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Double Major

hollygolightly9hollygolightly9 Registered User Posts: 28 New Member
edited May 2008 in Colorado College
How easy is it to have a double major at CC? For example, I'm interested in some sort of Marine Biology major (does this exist??) and an Environmental Science major. Would this be possible? Does anyone have any experience with a double major at CC?

Post edited by hollygolightly9 on

Replies to: Double Major

  • CanadianmomCanadianmom Registered User Posts: 187 Junior Member
    I think CC is the wrong school for Marine Biology.
  • 07DAD07DAD Registered User Posts: 5,169 Senior Member

    Some of the most renowned female scientists in the US graduated from Colorado College, including one that matches your interests.
    Jane Lubchenco
    Dr. Jane Lubchenco is an environmental scientist and marine ecologist who is actively engaged in teaching, research, synthesis and communication of scientific knowledge. Her research expertise include biodiversity, climate change, sustainability science and the state of the oceans. She grew up in Denver and received her B.A. from Colorado College. At 21 she was seduced by marine biology during a course in invertebrate zoology at Woods Hole. She has lived near oceans ever since. She received her PhD. and was Assistant Professor at Harvard University. In moving to Oregon State University in 1978, Jane and her husband Bruce Menge pioneered an arrangement that allowed both to continue to teach and do research but also devote considerable time to their young children: they each held a tenure-track 0.5 FTE position. At OSU, she is Valley Professor of Marine Biology and Distinguished Professor of Zoology. She has received numerous awards including a a MacArthur Fellowship, a Pew Fellowship, eight honorary degrees (including one from Princeton University), the 2002 Heinz Award for the Environment, and the 2003 Nierenberg Prize for Science in the Public Interest from the Scripps Institution of Oceanography. She has 8 Science Citation Classic or top 0.25% papers. She has been president of the American Association for the Advancement of Science and the International Council for Science; was elected a member of the National Academy of Sciences, a foreign member of The Royal Society and an associate of The Third World Academy of Sciences; and was nominated to the National Science Board by President Clinton and confirmed by the Senate. She is founder and co-chair of the Aldo Leopold Leadership Program and lead PI of PISCO, the Partnership for Interdisciplinary Studies of Coastal Oceans (an interdisciplinary consortium of scientists collaborating to understand the near-shore portion of the California Current Large Marine Ecosystem off the west coast of the U.S. She recently co-chaired Governor Kulongoski's Advisory Group on Global Warming and has provided scientific advice to congress, U.S. presidents, other heads of state, CEOs of major businesses and religious leaders around the world.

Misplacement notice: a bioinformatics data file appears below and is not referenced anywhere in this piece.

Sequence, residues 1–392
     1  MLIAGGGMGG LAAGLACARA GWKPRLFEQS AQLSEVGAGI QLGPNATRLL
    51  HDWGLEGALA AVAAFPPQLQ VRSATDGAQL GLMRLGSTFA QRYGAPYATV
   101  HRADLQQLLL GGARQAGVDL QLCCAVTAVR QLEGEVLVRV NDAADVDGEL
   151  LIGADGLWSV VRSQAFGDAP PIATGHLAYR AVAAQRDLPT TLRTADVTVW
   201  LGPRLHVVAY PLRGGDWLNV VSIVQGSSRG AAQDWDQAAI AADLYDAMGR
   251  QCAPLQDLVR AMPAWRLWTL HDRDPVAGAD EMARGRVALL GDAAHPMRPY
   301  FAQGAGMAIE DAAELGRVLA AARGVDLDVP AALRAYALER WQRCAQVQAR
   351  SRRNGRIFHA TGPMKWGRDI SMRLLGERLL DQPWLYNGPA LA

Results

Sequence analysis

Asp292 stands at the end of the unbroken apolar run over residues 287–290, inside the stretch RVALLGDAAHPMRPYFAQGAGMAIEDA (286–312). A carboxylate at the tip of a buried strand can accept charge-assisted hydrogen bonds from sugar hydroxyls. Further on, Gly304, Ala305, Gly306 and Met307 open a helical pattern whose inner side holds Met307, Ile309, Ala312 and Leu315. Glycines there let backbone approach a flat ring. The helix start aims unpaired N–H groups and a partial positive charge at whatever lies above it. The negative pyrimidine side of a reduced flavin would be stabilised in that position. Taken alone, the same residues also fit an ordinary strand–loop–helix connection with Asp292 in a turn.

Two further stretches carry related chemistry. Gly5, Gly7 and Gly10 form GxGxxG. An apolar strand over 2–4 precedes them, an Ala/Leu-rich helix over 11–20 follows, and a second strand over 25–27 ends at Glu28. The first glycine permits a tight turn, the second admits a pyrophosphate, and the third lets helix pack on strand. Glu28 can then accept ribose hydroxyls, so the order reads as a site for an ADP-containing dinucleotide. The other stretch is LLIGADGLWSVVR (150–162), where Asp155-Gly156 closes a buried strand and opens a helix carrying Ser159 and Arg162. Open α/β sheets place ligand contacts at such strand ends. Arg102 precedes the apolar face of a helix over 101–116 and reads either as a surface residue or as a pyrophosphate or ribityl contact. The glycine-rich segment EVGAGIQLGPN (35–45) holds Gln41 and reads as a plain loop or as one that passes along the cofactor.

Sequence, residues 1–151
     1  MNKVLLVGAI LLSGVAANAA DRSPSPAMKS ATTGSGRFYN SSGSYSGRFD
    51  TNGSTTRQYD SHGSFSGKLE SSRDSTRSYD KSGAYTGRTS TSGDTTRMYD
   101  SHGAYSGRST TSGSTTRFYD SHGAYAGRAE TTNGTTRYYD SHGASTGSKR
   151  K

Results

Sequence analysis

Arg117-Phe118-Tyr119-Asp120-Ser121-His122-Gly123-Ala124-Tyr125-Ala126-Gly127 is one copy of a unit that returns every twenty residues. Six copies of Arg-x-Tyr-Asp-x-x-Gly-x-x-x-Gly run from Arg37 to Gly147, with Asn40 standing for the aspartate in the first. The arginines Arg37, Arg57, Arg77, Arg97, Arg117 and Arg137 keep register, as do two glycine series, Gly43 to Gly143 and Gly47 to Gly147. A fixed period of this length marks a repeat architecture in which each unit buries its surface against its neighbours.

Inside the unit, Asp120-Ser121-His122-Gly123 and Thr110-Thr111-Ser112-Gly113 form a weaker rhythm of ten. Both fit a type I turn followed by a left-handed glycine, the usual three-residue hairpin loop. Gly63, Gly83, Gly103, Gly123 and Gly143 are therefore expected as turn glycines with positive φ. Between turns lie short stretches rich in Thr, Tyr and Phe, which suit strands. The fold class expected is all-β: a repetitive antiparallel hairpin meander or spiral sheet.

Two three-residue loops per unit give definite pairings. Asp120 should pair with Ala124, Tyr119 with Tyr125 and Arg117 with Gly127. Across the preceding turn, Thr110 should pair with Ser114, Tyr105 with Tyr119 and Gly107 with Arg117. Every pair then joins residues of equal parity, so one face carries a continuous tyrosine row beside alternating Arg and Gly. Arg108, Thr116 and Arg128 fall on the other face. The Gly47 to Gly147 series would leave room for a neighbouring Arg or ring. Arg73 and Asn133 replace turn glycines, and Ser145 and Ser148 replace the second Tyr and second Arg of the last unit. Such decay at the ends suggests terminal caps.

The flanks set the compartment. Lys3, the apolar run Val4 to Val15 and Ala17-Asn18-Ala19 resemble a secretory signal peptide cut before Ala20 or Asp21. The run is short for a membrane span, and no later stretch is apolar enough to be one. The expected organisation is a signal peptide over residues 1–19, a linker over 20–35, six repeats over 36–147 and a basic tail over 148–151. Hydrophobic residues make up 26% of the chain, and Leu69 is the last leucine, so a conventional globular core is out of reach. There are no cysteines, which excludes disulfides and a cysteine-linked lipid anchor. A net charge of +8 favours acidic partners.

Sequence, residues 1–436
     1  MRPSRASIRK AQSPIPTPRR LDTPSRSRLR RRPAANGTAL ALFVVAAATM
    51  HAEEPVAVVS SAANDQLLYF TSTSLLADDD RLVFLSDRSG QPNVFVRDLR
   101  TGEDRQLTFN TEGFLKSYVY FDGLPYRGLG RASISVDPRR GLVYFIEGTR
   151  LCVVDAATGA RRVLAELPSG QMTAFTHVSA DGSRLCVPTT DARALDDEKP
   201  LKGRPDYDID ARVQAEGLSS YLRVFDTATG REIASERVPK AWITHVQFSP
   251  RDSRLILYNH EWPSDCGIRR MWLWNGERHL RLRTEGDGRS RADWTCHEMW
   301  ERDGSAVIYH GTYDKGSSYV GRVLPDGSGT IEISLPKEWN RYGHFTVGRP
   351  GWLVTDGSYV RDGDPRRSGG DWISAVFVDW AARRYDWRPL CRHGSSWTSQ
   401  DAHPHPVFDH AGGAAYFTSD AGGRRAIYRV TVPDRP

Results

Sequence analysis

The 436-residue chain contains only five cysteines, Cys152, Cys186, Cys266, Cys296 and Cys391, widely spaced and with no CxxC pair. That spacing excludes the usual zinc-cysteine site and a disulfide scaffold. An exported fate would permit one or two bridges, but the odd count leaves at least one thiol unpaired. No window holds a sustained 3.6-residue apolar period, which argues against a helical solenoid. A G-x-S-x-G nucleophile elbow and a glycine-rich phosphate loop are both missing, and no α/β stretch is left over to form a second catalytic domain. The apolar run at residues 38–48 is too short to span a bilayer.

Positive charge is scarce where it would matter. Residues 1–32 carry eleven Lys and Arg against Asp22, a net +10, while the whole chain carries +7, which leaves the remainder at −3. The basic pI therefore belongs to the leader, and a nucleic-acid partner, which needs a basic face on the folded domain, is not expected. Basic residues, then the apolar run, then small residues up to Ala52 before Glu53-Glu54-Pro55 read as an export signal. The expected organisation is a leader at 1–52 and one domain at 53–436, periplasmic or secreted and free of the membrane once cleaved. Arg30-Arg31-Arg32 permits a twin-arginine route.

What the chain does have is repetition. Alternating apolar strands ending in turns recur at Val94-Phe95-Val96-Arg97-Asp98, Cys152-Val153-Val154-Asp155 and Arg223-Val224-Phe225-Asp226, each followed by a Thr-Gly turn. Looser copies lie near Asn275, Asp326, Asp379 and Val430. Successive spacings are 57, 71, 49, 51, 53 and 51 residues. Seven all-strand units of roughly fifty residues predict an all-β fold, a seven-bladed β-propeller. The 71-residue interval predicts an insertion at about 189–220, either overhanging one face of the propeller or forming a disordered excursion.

I suggest that you go to the Colorado College website and research in the Biology department for the course offerings, majors and research opportunities at marine stations. I think you will be very pleasantly surprised.

    FYI-- in 2002 Discovery Magazine listed the top 50 US women in science. Three graduated from CC. Only MIT had more (4).
  • flyboyflyboy Registered User Posts: 496 Member
    I am actually a freshman and am majoring in environmental science. After taking a biology class earlier this year, the school is working with me to be an EV science major with a biology focus. Since EV is interdepartmental, you can hook it up with many things. I am also getting my education certificate to teach later. There is alot you cna do here...
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